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Week in news: 6 January 2017

Report warns HE bill plan for alternative providers is 'a risk too far'

Government plans to expand the number of alternative providers are 'a risk too far' and will leave many scam operators outside of regulation, a new report from the Higher Education Policy Institute (Hepi) warned this week.

UCU general secretary Sally Hunt told the BBC that the report should 'sound alarm bells in government', adding in the Guardian that we can't 'ignore the lessons from the US where the for-profit higher education sector has unravelled, taking billions in taxpayers' money but failing the majority of its students.'

Speaking in the Financial Times and Independent, she added that 'we must have more rigorous quality measures applied before any new provider is allowed to access either degree awarding powers or state funding via the student loans system.'

The bill, due to be debated again in the House of Lords on Monday, also came under criticism from peers earlier in the week, with Lord Patten describing the reforms as 'ham-fisted'. Read UCU's latest bill briefing here.

Spiralling vice-chancellor pay rises exposed

Russell Group vice-chancellors enjoyed an average pay rise of 6% in 2015/16, new analysis from Times Higher Education revealed on Thursday. The Huffington Post reported that the average vice-chancellor earns 12 times the average staff wage. Speaking to the Times, Sally Hunt highlighted that the Russell Group institutions were some of the worst offenders for use of insecure contracts, adding to a 'sense of injustice that there is one rule for those at the top and one for everyone else.'

The Telegraph also noted on its front page today the huge 'golden goodbye' awarded to the departing vice-chancellor at Southampton which took the university's total vice-chancellor pay bill for the year to a whopping £697,000. Responding, Sally said: 'It's clear that the minister's calls for self-restraint in vice-chancellor remuneration have fallen on deaf ears and we need more transparency in how these bumper pay deals are agreed.'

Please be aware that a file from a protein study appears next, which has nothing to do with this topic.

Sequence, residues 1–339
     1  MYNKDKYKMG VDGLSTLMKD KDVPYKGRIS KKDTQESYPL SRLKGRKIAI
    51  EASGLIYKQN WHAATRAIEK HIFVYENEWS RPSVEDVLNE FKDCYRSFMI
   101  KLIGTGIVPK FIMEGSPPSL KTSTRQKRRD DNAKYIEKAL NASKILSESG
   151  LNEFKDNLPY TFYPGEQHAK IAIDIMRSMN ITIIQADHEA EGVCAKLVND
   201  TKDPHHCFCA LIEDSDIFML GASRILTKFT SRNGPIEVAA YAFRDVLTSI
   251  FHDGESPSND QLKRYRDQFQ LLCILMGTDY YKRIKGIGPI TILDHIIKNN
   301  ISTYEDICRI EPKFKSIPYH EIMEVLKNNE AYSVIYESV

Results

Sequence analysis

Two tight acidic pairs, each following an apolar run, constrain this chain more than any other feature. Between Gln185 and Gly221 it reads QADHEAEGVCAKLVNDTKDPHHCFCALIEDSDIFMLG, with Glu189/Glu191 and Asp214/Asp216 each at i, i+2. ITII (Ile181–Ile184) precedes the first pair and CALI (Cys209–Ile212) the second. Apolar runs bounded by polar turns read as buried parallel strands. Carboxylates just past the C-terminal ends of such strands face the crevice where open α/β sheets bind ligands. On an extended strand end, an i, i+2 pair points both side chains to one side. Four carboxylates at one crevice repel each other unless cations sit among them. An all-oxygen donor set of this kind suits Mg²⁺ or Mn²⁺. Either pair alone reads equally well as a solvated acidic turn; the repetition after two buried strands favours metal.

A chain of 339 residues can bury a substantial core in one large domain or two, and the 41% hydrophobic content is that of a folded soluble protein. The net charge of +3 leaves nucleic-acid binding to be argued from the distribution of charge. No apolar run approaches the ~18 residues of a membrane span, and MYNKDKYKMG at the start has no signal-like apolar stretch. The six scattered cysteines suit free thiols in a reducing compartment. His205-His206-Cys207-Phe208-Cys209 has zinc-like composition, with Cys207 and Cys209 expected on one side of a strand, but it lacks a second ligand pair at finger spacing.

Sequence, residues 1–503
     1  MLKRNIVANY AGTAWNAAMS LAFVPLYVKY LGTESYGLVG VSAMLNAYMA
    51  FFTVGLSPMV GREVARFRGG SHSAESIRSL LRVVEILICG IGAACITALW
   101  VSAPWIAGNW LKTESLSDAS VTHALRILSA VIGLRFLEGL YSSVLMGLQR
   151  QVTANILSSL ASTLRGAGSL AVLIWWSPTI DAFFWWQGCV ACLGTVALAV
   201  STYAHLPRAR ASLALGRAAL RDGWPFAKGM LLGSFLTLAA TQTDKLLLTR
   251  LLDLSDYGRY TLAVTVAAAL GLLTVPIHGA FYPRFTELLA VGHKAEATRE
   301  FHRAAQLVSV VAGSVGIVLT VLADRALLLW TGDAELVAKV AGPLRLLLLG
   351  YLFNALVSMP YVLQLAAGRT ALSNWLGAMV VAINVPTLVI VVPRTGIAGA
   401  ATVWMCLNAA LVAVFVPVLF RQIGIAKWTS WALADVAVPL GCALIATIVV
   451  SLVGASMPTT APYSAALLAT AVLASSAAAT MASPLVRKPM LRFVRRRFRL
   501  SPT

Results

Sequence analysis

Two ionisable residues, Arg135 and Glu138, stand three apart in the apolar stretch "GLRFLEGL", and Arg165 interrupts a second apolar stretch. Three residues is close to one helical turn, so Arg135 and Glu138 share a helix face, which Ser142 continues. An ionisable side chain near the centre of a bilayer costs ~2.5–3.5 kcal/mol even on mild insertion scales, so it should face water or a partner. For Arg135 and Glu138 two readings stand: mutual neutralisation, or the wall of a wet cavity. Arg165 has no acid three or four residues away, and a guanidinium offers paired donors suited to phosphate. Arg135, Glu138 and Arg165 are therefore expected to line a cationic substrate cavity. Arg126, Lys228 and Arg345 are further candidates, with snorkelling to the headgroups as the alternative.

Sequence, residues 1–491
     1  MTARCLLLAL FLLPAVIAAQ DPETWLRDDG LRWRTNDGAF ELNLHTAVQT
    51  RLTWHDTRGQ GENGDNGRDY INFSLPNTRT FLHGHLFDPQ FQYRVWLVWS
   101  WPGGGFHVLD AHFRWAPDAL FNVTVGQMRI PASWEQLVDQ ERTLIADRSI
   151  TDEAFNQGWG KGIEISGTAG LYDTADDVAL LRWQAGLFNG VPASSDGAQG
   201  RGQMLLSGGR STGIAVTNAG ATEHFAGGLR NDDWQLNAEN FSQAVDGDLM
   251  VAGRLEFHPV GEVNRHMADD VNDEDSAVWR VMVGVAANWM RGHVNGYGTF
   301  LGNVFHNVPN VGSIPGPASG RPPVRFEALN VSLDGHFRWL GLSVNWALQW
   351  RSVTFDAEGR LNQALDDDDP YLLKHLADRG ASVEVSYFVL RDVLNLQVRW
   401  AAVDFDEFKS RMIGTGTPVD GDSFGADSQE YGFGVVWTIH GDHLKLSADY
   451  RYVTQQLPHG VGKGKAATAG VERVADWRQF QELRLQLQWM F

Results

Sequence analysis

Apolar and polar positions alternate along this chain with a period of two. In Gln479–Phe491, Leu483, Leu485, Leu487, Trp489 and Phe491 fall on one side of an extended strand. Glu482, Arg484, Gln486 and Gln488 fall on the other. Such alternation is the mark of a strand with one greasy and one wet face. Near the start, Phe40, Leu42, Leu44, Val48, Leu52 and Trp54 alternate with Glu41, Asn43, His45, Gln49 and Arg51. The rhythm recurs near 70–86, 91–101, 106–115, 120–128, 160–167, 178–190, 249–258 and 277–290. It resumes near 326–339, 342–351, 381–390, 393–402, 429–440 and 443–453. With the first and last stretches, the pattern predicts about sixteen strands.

Predictions for higher education in 2017

This week the Guardian featured predictions for higher education in 2017 from across the sector. Sally Hunt outlined concerns about a 'Brexit related brain-drain of academics' unless EU staff and students are guaranteed the right to remain, and highlighted the need to avert the decline in international undergraduate recruitment by adopting a more welcoming approach and removing students from the net migration target.

Finally, Sally reinforced UCU's commitment to fighting the gender pay gap and casualisaton, saying: 'After three decades of them ignoring these issues, it would be rash to predict that 2017 will be the year when higher education leaders finally get to grips with this problem. However, with the exploitative nature of the employment model in higher education now front page news, employers' cards are marked.'

ESOL funding needed to support integration

A new report from MPs on Thursday suggested that migrants should be enrolled in English language courses to support integration, but Sally Hunt warned that more funding for ESOL was required for all immigrants to be able to access the language learning they need. She said: 'Substantial cuts have seen ESOL classes up and down the country forced to close, depriving immigrants of the opportunity to learn English. Only by resurrecting ESOL courses with decent investment can we hope to encourage language learning for immigrants and improve integration and social cohesion in 21st century Britain.'

Last updated: 31 January 2017